Create account Log in

March 16-20, 1992


Download links and information about March 16-20, 1992 by Uncle Tupelo. This album was released in 1992 and it belongs to Rock, Country, Alternative Country, Alternative, Songwriter/Lyricist genres. It contains 21 tracks with total duration of 01:02:16 minutes.

Artist: Uncle Tupelo
Release date: 1992
Genre: Rock, Country, Alternative Country, Alternative, Songwriter/Lyricist
Tracks: 21
Duration: 01:02:16
Buy on iTunes $9.99
Buy on iTunes $9.99
Buy on Amazon $9.99
Buy on Amazon $9.99


No. Title Length
1. Grindstone 3:16
2. Coalminers 2:33
3. Wait Up 2:09
4. Criminals 2:20
5. Shaky Ground 2:49
6. Satan, Your Kingdom Must Come Down 1:53
7. Black Eye 2:19
8. Moonshiner 4:23
9. I Wish My Baby Was Born 1:38
10. Atomic Power 1:52
11. Lilli Schull 5:15
12. Warfare 3:38
13. Fatal Wound 4:09
14. Sandusky 3:43
15. Wipe the Clock 2:36
16. Take My Word (B Side) 2:03
17. Grindstone (1991 Longview Farm Acoustic Demo) 3:57
18. Atomic Power (1991 Longview Farm Acoustic Demo) 1:35
19. I Wanna Be Your Dog (1991 Longview Farm Acoustic Demo) 3:49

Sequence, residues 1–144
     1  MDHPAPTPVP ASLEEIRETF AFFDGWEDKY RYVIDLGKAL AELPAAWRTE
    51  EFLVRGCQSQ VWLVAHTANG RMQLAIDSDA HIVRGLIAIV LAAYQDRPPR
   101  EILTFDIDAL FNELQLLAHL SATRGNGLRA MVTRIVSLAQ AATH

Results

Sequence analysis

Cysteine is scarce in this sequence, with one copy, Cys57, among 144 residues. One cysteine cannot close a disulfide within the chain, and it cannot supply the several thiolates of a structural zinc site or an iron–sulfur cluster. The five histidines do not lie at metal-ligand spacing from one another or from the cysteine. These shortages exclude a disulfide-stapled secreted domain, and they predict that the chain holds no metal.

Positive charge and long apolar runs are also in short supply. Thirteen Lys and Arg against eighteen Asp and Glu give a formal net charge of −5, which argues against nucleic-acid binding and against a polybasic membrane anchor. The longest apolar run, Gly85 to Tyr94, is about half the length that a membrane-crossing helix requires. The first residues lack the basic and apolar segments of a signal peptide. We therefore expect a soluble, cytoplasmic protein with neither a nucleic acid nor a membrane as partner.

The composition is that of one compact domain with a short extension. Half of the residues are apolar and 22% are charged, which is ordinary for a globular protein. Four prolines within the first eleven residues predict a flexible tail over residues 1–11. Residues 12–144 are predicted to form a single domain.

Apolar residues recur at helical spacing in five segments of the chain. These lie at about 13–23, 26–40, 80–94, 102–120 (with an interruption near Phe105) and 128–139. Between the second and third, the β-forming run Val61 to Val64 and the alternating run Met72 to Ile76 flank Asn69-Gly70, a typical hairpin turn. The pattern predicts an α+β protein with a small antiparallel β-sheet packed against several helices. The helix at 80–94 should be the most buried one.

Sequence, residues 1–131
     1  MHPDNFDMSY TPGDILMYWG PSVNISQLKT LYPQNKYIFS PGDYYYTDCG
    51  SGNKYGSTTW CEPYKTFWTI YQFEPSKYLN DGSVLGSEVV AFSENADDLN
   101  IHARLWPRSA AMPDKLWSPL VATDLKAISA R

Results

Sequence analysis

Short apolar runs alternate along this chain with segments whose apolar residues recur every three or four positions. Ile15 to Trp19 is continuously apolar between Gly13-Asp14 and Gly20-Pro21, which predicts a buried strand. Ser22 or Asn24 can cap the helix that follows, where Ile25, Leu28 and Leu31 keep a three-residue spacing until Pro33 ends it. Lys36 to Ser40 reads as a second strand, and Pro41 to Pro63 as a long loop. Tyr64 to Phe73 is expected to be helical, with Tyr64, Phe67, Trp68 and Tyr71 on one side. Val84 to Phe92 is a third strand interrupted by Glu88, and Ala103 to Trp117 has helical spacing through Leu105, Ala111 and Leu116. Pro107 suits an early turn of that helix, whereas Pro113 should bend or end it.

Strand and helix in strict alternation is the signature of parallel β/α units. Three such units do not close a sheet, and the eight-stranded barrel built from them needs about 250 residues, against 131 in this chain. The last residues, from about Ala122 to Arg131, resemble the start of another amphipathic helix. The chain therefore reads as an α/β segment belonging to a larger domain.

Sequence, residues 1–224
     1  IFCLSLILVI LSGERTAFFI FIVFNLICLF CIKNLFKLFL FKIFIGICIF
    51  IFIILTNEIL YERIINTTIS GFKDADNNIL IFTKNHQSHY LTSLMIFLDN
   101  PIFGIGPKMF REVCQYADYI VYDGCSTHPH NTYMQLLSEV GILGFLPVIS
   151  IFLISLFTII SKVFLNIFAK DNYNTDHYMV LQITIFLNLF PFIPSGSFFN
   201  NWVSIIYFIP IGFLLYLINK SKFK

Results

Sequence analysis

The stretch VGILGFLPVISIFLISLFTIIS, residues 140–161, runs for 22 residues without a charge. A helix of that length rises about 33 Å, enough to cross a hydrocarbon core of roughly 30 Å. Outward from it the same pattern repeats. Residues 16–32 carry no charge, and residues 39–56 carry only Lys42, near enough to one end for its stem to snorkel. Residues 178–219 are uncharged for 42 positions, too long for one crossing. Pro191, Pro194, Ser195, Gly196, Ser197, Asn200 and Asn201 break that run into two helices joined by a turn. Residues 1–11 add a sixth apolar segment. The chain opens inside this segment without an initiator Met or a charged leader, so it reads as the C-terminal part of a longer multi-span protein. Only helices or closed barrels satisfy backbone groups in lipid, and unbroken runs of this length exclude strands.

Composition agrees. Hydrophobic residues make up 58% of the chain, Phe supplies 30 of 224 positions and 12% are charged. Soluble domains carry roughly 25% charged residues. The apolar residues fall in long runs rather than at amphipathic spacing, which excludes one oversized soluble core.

20. Moonshiner (Live 1/24/1993) 5:05
21. The Walton's (Theme) [1991 Longview Farm Acoustic Demo] 1:14



Produced by R.E.M.'s Peter Buck, March 16-20, 1992 represents Uncle Tupelo's full evolution into a true country unit; with the exception of the eerie squalls of guitar feedback which haunt Jeff Tweedy's mesmerizing "Wait Up," there's virtually no evidence of the trio's punk heritage. Instead, the all-acoustic album — a combination of Tupelo originals and well-chosen traditional songs — taps into the very essence of backwoods culture, its music rooted in the darkest corners of Appalachian life. An inescapable sense of dread grips this collection, from the large-scale threat depicted in the stunning rendition of the Louvin Brothers' "The Great Atomic Power" to the fatalism of the worker anthems "Grindstone" and "Coalminers"; even the character studies, including a revelatory "Moonshiner," are relentlessly grim. A vivid glimpse at the harsh realities of rural existence, March 16-20, 1992 is a brilliant resurrection of a bygone era of American folk artistry.